Will the police ever be on top of the situation
Armed robbers and other criminals are fast abandoning their trades for the more lucrative business of kidnapping. And behind the abduction gangs springing up across the country are young, smart and intelligent university graduates who are being lured into crime by growing unemployment. Olaolu Olusina and Anayo Okolie report
Criminals and men of the underworld are surely beating the law enforcement and security officers to the game. At a time the police thought they were winning the war against crime and flaunting their score-cards of anti-robbery efforts, the men of the underworld were changing their tactics.
While the police were busy chasing the already dwindling army of armed robbers, the criminals were putting their guns to use for another business considered less cumbersome but more rewarding.
A recent report by ASI Global Response on kidnapping shows that the victims are mainly business men and women, politicians or their family members. Also, at a summit held in Lagos last year, the Regional Vice President, Africa, American Society for Industrial Security, Mr. Dennis Amachree, disclosed that of the top 10 countries with high kidnapping records in 2007, Nigeria occupied the 6th position. But Nigeria has since 2007 moved up to the third position, behind Mexico and Columbia.
Driving the new face of kidnapping and abduction that is fast gaining currency in every nook and cranny of the country are young, smart and intelligent university graduates who are daily being recruited into the dangerous world of crime by the growing unemployment in the country as well as the perceived high returns in the growing business.
From the North to the East and from the South to the West, the story is the same. Even the Islamic terrorist Boko Haram members appear to have abandoned their old trade of robbery for kidnapping and abduction.
Recent abductions and kidnappings with the whopping amounts of money raked in as ransom by the hoodlums are pointers to the new crime wave. Members of the gang of hoodlums which abducted former Minister of Petroleum and elder statesman, Dr. Shettima Ali Monguno, in Maiduguri, the Borno State capital, recently, were said to have apologised profusely to the old man as they dragged him into their car, insisting they are merely driven by the need for money. They were said to have been paid a whopping N50 million within just 72 hours before they released their victim.
Last Monday, spokesman of the Joint Task Force (JTF) in Borno State, Operation Restore Hope, Lt. Col. Sagir Musa, told journalists in Maiduguri that based on intelligence available to them, the Boko Haram terrorists had resolved to concentrate more on kidnapping than robbery.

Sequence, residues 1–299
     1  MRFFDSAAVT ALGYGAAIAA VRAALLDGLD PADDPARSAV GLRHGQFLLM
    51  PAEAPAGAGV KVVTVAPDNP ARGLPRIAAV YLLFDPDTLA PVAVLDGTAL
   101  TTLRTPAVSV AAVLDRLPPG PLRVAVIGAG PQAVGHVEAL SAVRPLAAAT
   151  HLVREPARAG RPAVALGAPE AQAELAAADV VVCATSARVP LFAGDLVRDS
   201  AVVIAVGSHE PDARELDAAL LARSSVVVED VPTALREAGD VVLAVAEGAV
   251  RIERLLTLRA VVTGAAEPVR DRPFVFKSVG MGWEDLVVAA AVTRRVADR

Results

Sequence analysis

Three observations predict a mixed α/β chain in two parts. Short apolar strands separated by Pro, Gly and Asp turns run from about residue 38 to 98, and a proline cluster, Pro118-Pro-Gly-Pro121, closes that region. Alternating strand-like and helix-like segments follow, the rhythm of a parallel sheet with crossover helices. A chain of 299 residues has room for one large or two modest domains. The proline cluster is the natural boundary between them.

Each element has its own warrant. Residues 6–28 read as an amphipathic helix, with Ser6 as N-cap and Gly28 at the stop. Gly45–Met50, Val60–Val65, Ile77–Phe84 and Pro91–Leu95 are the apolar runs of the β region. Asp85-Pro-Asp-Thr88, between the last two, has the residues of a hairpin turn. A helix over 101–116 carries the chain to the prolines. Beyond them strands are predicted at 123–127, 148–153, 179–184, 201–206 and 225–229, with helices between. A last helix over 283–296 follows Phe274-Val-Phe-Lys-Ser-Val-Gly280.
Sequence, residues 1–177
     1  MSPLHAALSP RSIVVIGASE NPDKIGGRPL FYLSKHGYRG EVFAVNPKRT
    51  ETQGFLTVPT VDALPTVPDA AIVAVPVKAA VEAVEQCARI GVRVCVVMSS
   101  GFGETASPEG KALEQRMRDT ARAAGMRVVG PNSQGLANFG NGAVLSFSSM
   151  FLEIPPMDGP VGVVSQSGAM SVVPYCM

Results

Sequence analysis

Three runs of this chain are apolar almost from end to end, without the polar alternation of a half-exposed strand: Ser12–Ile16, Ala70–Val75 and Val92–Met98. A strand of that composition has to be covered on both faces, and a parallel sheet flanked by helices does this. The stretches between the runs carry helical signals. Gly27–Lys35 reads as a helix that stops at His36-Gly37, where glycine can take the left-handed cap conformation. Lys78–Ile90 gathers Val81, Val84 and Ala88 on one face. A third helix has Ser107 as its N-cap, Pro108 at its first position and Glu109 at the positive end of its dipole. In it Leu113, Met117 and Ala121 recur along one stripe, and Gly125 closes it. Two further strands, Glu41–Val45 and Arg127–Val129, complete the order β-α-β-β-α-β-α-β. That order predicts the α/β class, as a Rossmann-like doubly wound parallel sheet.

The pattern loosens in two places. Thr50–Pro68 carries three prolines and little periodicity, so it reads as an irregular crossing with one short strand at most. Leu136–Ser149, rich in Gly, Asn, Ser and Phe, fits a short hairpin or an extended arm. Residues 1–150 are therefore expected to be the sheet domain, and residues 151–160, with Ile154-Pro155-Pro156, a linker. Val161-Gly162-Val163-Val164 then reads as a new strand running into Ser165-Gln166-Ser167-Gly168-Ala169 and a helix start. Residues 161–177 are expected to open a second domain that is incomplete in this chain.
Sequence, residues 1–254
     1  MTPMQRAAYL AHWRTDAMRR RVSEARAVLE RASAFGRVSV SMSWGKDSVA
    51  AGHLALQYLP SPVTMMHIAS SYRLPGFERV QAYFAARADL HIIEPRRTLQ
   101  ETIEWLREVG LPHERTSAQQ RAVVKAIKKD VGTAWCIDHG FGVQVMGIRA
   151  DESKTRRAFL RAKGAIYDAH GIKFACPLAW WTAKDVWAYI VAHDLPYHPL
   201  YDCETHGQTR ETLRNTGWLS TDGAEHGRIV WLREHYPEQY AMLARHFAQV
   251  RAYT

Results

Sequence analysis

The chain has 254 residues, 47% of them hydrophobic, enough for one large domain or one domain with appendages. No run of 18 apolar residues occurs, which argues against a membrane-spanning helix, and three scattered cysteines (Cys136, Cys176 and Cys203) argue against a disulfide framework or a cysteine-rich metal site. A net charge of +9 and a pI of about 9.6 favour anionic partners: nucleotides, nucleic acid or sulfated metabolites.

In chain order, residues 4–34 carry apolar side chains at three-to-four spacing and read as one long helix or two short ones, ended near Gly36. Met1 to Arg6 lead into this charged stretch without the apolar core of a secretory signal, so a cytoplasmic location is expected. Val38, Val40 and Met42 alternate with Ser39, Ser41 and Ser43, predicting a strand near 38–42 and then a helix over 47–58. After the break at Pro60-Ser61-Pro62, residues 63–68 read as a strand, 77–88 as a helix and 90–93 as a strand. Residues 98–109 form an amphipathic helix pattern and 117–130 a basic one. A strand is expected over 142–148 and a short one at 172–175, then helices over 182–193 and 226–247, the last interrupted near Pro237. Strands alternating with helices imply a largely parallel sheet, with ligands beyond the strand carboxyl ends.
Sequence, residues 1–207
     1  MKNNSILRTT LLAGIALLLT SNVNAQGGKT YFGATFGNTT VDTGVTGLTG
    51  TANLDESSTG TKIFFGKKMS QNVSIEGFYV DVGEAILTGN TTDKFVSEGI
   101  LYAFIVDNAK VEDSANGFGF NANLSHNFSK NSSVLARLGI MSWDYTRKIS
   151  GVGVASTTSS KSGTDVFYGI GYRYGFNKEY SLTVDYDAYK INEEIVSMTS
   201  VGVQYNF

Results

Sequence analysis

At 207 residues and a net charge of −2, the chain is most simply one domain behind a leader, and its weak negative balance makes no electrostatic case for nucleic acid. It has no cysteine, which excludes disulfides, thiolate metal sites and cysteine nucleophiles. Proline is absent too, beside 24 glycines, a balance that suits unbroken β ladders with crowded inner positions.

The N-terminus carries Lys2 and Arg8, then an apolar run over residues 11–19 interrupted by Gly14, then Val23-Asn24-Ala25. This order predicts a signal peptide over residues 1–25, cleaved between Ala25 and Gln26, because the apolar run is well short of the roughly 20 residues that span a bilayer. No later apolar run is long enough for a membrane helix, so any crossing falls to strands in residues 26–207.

“They alleged that kidnapping is more lucrative, less dangerous and requires short time to plan and execute.
“Consequently a special kidnapping squad has been earmarked and tasked by Boko Haram to kidnap persons who could be a relation, politician, businessman/woman, civil servants, traditional rulers and foreigners alike,” Musa stated.
A video released on Monday showed the Boko Haram leader Abubakar Shekau and about 12 unidentified children – boys and girls – he claimed had been kidnapped in retaliation for the jailing of children and wives of the group’s members by the security agencies.
A recent kidnap victim, Chairman of Ejigbo Local Council Development Area (LCDA) of Lagos State, Mr. Kehinde Bamigbetan, whose family, allegedly, paid N15 million before he was released, said his return was miraculous. He said God made his captors to change their minds despite their initial plan to kill him.
According to Bamigbetan, the kidnappers claimed that they were graduates and that they did not like what they were doing but had to do it due to lack of jobs.
“One claimed to be an engineering graduate, another claimed to be a human resources management graduate, while another said he was already in final year in an American university when his father’s shopping complex was demolished and he had to be recalled home.
“One of them also said he was a commercial motorcyclist but his source of income had been outlawed by the state government. They were generally bitter about youth unemployment and I had to engage them on my various activities as a crusader for youth employment,” Bamigbetan was quoted as saying.